And of course, you must see the Capitol Building!  We didn’t go inside, but we hung out on the lawn for a bit and took some pictures- it is stunning!


Cool Neighborhoods:

  • Woodley Park
  • DuPont Circle
  • Georgetown

The Metro:

This is going to sound so silly, but the metro was one of my favorite parts of this trip.  We stayed in Woodley Park, which meant that we needed to take the Metro a lot, but it was SO easy!  The stations were beautiful and clean, and the trains were as well!  It’s very easy to navigate and definitely cheaper than ubering everywhere.  You also do enough walking in DC as it is, so sometimes it’s nice to just grab the metro back.  I highly recommend it!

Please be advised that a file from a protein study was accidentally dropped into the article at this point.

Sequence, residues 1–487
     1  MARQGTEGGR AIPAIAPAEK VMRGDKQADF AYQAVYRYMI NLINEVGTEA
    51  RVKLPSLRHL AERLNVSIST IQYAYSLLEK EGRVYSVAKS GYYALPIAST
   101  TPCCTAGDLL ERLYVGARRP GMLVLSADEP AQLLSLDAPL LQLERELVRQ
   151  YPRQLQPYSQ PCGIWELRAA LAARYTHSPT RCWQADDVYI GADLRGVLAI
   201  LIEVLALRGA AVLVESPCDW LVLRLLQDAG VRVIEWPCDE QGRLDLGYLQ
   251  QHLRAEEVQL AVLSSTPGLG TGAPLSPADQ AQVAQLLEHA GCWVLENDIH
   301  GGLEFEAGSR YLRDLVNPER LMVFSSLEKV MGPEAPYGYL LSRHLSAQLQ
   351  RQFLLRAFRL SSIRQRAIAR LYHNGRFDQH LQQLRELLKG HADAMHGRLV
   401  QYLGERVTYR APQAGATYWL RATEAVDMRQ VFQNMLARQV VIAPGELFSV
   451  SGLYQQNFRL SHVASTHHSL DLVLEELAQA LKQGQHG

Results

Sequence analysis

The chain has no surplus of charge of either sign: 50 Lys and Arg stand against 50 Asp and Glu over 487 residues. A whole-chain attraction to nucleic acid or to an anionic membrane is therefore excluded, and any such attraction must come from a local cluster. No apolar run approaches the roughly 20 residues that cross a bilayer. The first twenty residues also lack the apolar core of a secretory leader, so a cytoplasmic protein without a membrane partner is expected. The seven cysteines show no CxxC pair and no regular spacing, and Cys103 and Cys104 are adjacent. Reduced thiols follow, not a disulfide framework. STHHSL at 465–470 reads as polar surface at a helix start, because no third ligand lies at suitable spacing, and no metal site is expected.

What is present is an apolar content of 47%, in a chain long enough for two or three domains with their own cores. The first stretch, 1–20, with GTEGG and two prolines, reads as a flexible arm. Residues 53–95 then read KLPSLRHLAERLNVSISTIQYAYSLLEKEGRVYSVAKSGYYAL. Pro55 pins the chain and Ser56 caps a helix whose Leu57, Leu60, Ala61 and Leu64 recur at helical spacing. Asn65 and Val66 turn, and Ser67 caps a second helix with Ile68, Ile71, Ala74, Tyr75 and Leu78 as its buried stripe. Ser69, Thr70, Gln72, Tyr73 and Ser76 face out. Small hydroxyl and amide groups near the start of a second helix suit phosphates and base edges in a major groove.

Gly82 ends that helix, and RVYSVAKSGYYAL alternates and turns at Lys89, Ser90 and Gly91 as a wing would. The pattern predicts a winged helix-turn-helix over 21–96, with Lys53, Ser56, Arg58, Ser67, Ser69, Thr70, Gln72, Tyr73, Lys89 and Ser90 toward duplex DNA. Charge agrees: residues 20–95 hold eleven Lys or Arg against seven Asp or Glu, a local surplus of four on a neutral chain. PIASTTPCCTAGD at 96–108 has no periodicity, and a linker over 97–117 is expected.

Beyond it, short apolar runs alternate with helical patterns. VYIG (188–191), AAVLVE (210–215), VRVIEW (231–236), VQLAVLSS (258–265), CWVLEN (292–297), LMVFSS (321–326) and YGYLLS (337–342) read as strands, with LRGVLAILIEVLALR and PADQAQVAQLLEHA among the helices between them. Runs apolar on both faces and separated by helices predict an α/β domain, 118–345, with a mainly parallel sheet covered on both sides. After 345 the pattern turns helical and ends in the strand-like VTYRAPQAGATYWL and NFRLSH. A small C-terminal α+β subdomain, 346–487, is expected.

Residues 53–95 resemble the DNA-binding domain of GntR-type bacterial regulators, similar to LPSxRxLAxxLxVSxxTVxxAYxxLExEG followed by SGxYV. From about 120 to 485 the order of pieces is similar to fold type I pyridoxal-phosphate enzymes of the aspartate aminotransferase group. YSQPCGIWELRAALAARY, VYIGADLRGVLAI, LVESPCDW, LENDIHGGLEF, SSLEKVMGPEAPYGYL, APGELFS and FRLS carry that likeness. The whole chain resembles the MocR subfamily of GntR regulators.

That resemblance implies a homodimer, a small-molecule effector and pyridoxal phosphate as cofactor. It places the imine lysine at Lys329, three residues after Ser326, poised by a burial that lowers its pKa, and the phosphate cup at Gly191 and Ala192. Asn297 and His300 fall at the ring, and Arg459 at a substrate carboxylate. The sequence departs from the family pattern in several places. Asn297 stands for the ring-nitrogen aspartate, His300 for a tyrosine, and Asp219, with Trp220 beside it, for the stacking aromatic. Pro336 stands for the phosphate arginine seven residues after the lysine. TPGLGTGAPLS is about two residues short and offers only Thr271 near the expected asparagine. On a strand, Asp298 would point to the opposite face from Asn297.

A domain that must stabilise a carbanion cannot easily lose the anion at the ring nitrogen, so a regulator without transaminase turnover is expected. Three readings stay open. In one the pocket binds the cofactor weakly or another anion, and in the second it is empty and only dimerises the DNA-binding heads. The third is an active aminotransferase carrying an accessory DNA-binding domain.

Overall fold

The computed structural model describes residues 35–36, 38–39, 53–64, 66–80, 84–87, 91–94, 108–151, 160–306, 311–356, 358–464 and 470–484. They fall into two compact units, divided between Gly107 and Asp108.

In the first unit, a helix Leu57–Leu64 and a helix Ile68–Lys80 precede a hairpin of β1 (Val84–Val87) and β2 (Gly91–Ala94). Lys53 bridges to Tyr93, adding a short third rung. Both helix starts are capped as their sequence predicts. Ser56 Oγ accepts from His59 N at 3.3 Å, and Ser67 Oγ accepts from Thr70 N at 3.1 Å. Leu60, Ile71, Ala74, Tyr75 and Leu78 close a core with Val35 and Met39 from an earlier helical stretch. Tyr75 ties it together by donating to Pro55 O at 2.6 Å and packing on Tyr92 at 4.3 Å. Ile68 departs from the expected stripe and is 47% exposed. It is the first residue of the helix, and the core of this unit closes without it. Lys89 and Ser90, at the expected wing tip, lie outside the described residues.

BONUS! As some of you may know, I have celiac disease, so I eat completely gluten free. Below are a few gems I found with gluten free options in DC! 

  • District of Pi Pizzeria – Gluten Free Pizza!
  • Wicked Waffle – Gluten Free Beligan style Waffles!
  • Rise Bakery – Everything is gluten free- bagels, croissants, cookies, etc! Some things are dairy/egg free as well depending!
  • Plan B Burger Bar – Gluten free burger buns!
  • Rosa Mexicano – Gluten free chips/ taco shells and other options! (the guac is amazing!)

Thanks for reading!  Caitlin and our dad went to DC for the Cherry Blossom Festival also a few years ago!  You can read her posts about it here and here!

Introduction to Travel Month on The Sol Compass!


Hello everyone – welcome back!  Today kicks off “Travel Month” on The Sol Compass.  I’ve been working hard over the past two months with Mac, Bryan, and my parents to hone in on what it is that makes traveling so enjoyable for me (yes, even the actual ‘traveling’ part).  Over the month of May I’m going to share comprehensive guides and tips about traveling, since they are my favorite things to research and read about!